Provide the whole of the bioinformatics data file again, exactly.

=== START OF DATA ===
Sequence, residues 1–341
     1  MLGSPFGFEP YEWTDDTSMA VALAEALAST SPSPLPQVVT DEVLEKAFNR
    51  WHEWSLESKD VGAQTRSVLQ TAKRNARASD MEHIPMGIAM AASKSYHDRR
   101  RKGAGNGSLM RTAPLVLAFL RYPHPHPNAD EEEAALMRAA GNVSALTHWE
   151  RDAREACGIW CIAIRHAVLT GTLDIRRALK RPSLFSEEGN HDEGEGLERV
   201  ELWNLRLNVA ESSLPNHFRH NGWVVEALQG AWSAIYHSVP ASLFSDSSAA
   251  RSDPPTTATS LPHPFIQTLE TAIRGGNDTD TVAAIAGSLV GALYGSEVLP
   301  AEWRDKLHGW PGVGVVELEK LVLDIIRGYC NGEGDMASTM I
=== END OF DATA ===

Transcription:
Sequence, residues 1–341
     1  MLGSPFGFEP YEWTDDTSMA VALAEALAST SPSPLPQVVT DEVLEKAFNR
    51  WHEWSLESKD VGAQTRSVLQ TAKRNARASD MEHIPMGIAM AASKSYHDRR
   101  RKGAGNGSLM RTAPLVLAFL RYPHPHPNAD EEEAALMRAA GNVSALTHWE
   151  RDAREACGIW CIAIRHAVLT GTLDIRRALK RPSLFSEEGN HDEGEGLERV
   201  ELWNLRLNVA ESSLPNHFRH NGWVVEALQG AWSAIYHSVP ASLFSDSSAA
   251  RSDPPTTATS LPHPFIQTLE TAIRGGNDTD TVAAIAGSLV GALYGSEVLP
   301  AEWRDKLHGW PGVGVVELEK LVLDIIRGYC NGEGDMASTM I